EDUC 8845

EDUC 8845

Saturday, December 10, 2011

"Metaphors of Educators"

 According to Siemen (2008), an educator has approached a passing along their journey that requires a pressing need of transformation. The industrialized convention the nation has become accustomed have transferred from the classroom and teacher to various electronic information sharing tools such as blogs, wikis, Google scholar, various open sources and social sites. Previously the need for an individual to access information began through physical interaction among peers. According to Egan (as cited in Siemen, 2008) the role and structure of instruction has continued to build a considerable amount of pressure for change on the educator over a century (p. 15). Dewey (1938/1997) expresses that the classroom educator has a precarious responsibility to develop experiences for the learner to become successful during later experiences of a deeper and more substantial level. Dewey continues to uphold the student is expected to incorporate knowledge in prescribed doses from without. If the student did not utilize the offered knowledge, he or she was to be held at fault as to be occupied in physical or mental truancy. No question was asked as to whether the trouble began with the subject-matter or the method of delivery (p. 46).
This old way of direct instruction is becoming a thing of the past. Siemen (2008) classifies the new role of educators as four metaphors for educators: educator as a master artist; educator as a network administrator; educator as concierge; and finally the educator as curator (p. 15). As an educator among the 21st century, I see myself as becoming a “concierge.” There becomes the need to prepare oneself with the required knowledge and resources to support the learning opportunities my students may not be aware of existing. I want to continue to assist in their learning experiences permitting them to explore options. I need to provide an avenue for my students to reach their academic goal. Often along this path, they will stumble. Their educational journey will require assistance to provide the necessary resource in picking themselves up and brushing themselves off to continue down their path. My supervision as concierge will guide and motivate, as they continue on (without rendering defeat) toward the academic goal.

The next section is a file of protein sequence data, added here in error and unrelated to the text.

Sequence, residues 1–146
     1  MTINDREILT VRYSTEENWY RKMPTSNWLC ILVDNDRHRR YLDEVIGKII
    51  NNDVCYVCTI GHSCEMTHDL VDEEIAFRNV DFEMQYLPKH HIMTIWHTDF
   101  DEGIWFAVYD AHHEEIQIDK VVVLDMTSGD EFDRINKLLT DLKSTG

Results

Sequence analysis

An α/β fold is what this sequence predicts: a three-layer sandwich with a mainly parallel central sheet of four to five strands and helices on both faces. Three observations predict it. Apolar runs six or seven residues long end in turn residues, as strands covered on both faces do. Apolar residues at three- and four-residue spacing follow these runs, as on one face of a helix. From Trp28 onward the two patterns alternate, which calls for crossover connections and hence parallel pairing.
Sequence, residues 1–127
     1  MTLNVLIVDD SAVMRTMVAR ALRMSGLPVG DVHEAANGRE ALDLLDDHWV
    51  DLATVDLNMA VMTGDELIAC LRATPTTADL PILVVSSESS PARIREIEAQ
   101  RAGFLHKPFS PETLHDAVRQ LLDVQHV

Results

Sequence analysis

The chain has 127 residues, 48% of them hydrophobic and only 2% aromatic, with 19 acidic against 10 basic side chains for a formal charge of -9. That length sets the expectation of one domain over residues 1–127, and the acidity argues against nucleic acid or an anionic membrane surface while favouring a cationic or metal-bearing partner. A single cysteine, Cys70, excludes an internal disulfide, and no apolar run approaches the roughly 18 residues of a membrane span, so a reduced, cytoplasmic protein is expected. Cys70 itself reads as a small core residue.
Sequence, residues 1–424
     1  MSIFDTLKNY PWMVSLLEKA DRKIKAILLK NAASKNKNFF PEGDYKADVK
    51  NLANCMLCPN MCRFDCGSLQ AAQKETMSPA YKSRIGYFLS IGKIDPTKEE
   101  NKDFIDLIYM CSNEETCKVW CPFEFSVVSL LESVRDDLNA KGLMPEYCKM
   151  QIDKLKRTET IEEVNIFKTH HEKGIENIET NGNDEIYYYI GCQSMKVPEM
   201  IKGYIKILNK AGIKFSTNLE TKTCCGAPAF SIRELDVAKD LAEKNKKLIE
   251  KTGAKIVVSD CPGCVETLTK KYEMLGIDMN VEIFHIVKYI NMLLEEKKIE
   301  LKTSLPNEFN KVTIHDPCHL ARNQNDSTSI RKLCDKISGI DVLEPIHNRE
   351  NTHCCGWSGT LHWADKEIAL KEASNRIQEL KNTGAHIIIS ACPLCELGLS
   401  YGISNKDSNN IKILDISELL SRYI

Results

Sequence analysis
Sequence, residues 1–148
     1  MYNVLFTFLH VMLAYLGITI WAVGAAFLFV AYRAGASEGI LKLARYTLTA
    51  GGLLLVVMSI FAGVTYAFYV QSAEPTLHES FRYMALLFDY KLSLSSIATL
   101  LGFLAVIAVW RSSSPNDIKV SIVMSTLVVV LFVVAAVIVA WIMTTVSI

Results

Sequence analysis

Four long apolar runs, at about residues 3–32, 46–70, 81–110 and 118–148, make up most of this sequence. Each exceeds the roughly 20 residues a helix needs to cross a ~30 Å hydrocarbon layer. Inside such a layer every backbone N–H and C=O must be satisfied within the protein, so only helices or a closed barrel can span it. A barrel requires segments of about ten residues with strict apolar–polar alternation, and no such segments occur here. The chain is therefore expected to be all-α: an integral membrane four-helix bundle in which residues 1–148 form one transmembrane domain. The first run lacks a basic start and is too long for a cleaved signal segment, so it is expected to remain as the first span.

Works Cited
Dewey, J. (1938/1997). Experience & Education. New York, NY: Touchstone.
Siemens, G. (2008, January 27). Learning and knowing in networks: Changing roles for educators and designers. Paper presented to ITFORUM. Retrieved from


  1. Brenda McKoy: Cheryl Blog 1 Response

    I agree that educational technology over the years has forced Learning Theorist and the educational community to rethink how people should learn. Researcher and Scientist are continually exploring the brain to isolate the thought processes in learning (Met cognitive vs. cognitive). These discoveries along with learning theorist have lead to examining the roles of instructor as it relates to delivery of instruction (Siemens, 2008).
    However, I believe we are in the beginning stages of this evolutionary change in education and need to be cognizant that more research/studies need to be done before making too many changes...
    Therefore, it would be prudent to revisiting the Learning theories as they relate to digital learning. Move over, Looking at the four roles teachers will and play in the arena of teaching (Metaphor of educator) educator as a master artist, educator as a network administrator, educator as concierge, and the educator as curator (p. 15). Provide a concrete bases for the most effective instructional approach to integrating technology and engaging student learning.
    I believe that the Montessori concept of providing and guiding students their learning is likened somewhat to the educator as a concierge. Like you, I find it fulfilling to observe students explore and connect knowledge in a meaningful way.

  2. I agree with your comment. New legislation and the change to common core has forced us to rethink how students learn. I am a staunch advocate for differentiation in the classroom. The traditional ways of learning are far gone and we as educators must rise to the level of rigor that will be expected of students in the real world.